And for once, I agree with them. But not for the reasons you might think. I don't have a problem with tuition fees going up. I think it leads to more competition and a better school system.

Organizations like the Canadian Federation of Students (CFS) and other student groups have bemoaned any increase in tuition fees, claiming that the result will be a "U.S. style" post-secondary system where tuition runs about $40,000 US.

But does it? Not really.

While stated tuition does come close to that figure, many universities in the U.S. charge tuition based on the financial situation of the family. They also have created scholarships and other methods to make going to school more affordable.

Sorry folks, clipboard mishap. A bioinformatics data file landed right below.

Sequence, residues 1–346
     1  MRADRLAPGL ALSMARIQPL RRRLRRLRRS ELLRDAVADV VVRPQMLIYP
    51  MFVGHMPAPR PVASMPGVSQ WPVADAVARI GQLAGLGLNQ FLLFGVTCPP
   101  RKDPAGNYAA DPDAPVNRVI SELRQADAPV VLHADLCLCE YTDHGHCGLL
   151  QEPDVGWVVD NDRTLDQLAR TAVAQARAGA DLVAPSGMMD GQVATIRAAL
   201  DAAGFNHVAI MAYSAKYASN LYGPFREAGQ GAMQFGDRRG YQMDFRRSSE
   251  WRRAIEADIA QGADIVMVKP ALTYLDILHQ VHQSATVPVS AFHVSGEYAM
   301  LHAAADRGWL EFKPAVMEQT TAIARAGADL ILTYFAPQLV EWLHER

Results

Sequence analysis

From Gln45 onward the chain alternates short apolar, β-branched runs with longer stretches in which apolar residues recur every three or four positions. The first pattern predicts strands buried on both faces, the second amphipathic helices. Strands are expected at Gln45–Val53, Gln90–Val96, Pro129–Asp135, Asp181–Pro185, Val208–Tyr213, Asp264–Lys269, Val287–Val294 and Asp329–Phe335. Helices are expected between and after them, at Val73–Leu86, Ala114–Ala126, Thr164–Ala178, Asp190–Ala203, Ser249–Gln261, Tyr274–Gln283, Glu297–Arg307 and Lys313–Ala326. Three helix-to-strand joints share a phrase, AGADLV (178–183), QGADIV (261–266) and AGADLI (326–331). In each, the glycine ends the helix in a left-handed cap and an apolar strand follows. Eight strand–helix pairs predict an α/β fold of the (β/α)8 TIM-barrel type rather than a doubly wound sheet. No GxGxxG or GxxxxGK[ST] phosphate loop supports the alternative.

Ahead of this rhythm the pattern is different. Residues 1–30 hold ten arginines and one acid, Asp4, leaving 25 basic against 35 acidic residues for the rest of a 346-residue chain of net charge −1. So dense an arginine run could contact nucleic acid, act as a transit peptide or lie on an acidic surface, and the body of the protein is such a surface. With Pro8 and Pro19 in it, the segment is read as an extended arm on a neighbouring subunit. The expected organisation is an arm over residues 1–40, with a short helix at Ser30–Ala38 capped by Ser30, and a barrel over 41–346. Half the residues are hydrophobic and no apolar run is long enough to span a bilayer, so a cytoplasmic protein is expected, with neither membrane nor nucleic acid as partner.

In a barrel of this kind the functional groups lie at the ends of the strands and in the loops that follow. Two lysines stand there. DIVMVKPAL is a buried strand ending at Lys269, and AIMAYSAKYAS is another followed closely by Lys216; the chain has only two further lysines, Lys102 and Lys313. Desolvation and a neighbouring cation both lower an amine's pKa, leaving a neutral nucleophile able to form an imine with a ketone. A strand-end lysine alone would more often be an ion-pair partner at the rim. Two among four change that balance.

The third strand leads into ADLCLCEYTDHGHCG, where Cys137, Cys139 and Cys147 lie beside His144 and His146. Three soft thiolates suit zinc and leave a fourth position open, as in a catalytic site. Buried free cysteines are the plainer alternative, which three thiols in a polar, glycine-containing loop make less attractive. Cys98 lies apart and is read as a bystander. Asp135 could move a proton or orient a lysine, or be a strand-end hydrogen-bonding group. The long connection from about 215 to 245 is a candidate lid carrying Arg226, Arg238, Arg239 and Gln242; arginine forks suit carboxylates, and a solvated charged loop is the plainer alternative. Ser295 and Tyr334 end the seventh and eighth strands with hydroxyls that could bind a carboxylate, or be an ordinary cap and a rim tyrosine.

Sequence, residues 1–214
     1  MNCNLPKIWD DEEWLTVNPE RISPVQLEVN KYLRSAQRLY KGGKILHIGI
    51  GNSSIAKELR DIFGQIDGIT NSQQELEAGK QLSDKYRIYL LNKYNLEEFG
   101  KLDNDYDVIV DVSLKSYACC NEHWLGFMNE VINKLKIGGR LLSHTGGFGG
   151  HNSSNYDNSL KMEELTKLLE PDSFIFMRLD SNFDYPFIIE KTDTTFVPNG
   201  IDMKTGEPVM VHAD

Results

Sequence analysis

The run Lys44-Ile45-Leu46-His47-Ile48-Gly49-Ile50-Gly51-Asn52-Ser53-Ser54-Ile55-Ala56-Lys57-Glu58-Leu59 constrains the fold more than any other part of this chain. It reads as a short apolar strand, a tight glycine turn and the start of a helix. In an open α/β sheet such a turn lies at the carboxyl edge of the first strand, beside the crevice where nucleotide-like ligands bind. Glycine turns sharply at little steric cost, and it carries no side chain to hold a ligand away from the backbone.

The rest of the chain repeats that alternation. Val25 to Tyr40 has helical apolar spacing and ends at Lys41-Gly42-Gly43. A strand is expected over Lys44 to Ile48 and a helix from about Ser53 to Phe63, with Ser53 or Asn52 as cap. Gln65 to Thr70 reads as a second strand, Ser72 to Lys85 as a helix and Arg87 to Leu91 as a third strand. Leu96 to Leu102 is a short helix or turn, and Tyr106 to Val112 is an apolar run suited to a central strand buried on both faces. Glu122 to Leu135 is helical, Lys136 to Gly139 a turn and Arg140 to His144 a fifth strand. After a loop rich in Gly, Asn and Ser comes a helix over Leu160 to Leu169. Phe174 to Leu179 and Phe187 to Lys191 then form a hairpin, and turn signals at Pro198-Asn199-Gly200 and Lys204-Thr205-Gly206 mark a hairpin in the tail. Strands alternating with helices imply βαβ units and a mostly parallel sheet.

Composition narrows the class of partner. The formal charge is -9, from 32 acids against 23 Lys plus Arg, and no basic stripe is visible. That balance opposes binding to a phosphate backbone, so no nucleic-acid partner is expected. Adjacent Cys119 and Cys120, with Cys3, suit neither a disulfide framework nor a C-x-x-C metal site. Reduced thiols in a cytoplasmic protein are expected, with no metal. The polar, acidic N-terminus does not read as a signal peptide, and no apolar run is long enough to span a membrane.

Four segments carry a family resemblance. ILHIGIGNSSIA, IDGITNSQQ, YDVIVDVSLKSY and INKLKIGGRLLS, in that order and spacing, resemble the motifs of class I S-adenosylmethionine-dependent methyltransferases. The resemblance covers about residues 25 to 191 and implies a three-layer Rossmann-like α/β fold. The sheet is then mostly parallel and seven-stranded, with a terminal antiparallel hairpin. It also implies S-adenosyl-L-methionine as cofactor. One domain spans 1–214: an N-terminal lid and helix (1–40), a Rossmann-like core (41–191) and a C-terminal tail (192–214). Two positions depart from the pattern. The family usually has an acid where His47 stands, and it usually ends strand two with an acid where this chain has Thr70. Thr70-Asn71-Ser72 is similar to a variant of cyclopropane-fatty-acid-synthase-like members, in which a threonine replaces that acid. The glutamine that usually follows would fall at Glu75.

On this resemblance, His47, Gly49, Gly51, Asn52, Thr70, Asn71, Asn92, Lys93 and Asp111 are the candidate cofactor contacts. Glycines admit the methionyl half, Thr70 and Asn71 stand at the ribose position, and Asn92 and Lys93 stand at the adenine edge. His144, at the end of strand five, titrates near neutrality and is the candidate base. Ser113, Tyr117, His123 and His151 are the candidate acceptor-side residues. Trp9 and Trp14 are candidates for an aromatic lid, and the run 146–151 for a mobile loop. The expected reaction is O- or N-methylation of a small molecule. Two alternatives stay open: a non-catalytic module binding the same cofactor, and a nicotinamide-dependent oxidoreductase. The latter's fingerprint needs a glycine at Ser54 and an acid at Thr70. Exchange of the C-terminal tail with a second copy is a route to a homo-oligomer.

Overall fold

In the FAQ section under the "financial aid" heading (hat tip to reader KMac), the Harvard University website states the following:

Does Harvard offer financial aid?

Yes. About 70% of Harvard students receive some form of financial aid -- grants, loans, and/or part-time work. Our program of need-based financial aid is designed to meet 100% of a family's demonstrated need. Our financial aid policies apply equally to international and U.S. citizens.

Which is interesting. But this FAQ is far more interesting:

Can students find jobs on or near campus?

Yes. There are always plenty of jobs available. We assist all students in securing part-time employment, should they choose to work during the academic year. Employment opportunities range from dining hall duties to work in the University libraries, laboratories, and offices. Students have also earned money on campus as bartenders, teaching assistants, sportswriters, computer programmers, lifeguards, and research assistants. Working on average six to eight hours per week, most students find that they can work, excel academically, and participate in a range of extracurricular activities.